If you're still interested in my travels (or if you ever were!), here are days 5 through 7:
Day 5: Grotte de Niaux
I've been very fortunate to be able to travel and see incredible sites and works of art in person. But I'm of course not the only one who'd like to see these things. Often crowds can make the experience less than ideal, and sometimes the very presence of tourists causes irreparable damage and the sites have to be limited or closed entirely to the public. Such is the case for seeing prehistoric cave art in France and Spain. The Lascaux caves are perhaps the most famous for cave art in France. Discovered in 1940 they were opened to the public in 1948 and closed in 1963 because the paintings suffered damage due to carbon dioxide, heat, humidity and other contaminants. An exact copy of the caves was opened nearby in 1983 for tourists to visit instead.
One cave that is still open to the public is Grotte de Niaux, in the southern Pyrenees. It's about an hour and a half north of Andorra La Vella, so we were able to time our arrival for the one English tour of the day (you must book tickets in advance). The group is limited to 25 people and you walk single file in the dark with a flashlight through the cave for a 1/2 mile to get to the Black Room (Salon Noir). The rest of the cave is off limits or inaccessible. There are some paintings along the route that the tour guide stopped and pointed out but the final Black Room contains the best ones. Not many, but still pretty incredible to see something painted by humans about 12,000 to 15,000 years ago. Of course you can't take photos inside, but there is a display outside the cave (in French) that shows some of the drawings.
|Schematic of the cave|
|Look at that face on the bison!|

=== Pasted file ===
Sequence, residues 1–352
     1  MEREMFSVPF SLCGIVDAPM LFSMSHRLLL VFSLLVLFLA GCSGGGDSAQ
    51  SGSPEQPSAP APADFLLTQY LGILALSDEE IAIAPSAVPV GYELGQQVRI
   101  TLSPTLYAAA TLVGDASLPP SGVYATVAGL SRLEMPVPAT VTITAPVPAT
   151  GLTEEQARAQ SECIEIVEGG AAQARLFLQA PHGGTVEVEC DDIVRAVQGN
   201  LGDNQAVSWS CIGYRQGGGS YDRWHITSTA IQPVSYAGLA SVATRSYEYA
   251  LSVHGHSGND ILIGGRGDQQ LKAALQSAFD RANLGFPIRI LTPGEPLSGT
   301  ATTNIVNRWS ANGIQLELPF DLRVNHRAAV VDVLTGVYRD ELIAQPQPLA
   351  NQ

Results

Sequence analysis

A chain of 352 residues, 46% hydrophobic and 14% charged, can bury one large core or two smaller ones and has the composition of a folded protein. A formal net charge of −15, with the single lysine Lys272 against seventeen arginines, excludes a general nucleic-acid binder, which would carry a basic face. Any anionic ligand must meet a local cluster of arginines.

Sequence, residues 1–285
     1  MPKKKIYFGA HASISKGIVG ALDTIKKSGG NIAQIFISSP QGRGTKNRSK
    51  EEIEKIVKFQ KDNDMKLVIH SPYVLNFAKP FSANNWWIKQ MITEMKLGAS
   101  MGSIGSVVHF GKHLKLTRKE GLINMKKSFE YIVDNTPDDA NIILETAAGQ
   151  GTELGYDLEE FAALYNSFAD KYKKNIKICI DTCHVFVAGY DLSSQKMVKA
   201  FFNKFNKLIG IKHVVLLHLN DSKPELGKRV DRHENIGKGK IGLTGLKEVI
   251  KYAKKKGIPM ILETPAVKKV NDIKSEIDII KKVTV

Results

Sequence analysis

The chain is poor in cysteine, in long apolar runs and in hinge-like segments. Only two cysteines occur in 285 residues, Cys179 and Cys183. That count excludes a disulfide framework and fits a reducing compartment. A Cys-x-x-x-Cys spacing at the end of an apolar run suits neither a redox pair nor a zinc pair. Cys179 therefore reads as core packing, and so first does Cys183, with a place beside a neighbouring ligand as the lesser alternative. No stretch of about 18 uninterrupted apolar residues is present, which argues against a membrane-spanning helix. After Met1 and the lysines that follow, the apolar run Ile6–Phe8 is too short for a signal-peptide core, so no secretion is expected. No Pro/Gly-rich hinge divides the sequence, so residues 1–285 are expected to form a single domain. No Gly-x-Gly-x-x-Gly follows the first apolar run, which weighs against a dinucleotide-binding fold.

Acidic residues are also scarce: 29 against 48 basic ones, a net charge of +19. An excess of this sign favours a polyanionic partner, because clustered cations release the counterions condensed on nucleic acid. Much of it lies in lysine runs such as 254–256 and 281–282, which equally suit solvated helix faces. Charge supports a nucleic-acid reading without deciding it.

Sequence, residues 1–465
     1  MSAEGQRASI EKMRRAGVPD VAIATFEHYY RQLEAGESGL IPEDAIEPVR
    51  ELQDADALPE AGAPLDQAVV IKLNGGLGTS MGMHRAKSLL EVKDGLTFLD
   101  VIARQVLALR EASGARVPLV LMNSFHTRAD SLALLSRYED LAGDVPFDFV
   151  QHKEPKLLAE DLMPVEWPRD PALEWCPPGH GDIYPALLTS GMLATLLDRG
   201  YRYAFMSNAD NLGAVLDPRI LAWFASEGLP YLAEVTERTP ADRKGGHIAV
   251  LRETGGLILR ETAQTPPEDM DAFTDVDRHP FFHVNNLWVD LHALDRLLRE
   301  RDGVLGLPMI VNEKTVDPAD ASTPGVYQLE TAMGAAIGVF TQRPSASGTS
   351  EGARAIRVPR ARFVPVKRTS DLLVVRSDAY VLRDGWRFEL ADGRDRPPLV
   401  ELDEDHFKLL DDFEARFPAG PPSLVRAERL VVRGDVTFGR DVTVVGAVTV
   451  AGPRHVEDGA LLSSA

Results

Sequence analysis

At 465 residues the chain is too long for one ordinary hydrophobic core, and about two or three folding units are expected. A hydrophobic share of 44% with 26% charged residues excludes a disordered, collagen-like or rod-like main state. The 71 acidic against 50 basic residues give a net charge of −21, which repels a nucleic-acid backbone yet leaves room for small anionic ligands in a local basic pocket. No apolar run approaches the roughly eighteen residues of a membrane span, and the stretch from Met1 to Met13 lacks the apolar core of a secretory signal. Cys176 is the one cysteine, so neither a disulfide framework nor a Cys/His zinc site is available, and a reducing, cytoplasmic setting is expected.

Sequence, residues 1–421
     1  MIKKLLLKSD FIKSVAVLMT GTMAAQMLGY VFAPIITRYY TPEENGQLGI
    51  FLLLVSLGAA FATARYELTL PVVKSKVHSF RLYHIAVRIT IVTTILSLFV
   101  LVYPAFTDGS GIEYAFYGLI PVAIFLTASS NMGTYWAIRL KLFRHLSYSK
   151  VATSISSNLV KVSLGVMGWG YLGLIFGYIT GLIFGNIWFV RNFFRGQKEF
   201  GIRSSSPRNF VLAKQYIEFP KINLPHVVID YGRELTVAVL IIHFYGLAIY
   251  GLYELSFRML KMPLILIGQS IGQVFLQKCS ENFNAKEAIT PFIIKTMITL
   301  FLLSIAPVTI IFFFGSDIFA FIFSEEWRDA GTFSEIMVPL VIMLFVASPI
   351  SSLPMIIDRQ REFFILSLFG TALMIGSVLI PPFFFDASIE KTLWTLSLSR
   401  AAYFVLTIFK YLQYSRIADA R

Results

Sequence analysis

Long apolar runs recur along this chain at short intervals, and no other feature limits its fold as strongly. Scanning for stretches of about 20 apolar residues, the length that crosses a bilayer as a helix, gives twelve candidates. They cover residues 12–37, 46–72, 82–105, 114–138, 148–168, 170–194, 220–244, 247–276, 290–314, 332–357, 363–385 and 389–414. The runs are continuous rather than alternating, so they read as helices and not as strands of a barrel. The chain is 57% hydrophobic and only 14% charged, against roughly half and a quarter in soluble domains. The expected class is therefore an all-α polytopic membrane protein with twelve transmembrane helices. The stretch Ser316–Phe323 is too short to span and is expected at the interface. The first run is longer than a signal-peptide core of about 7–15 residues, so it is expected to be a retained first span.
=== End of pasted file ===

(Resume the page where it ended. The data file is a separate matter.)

|The location was beautiful!|
Day 6: San Sebastian, Spain
The ocean! We arrived in San Sebastian late so didn't get out to explore until the next morning. The rain didn't deter us, it just made for a gray day. After a long day of driving, we planned to relax and enjoy the sites and scenery. We strolled through the old town, ate some tapas, had a beer in the old bullfighting ring while multiple rain showers passed through, and I found a yarn shop and bought some Spanish yarn.
|September weather wasn't exactly beach weather|
|Some people ventured into the water. Our hotel was on the top of the hill!|
|Lots of information and things you can't do on the beach...including Olympics???|
|The old town with the steeple of San Sebastian Cathedral in the distance|
|Mid-day siesta in the old bullfighting square|
|The view from the hotel at night|
|Reminds me of the California coast|
|Panorama - (click to view larger)|
Day 7: Dune du Pilat
Since the drive from San Sebastian to Bordeaux was not too long, we took a detour to visit the tallest sand dune in Europe. It was a beautiful day and fortunately not too hot. If you ever go here, be prepared for the elements! It's a steep walk up to the top.
|Plastic stairs help you with the ascent.|
|Just sand and forest, into which the dune is encroaching|
|What a view from the top!|
|It doesn't look that far to the water!|
And then we had to walk back up. It's less steep on the ocean side due to the way the winds deposit the sand, but it was still a good workout.
So my next and last travel post (until the next trip) will highlight our visit to Bordeaux and then the drive back to Châtel with a couple stops along the way.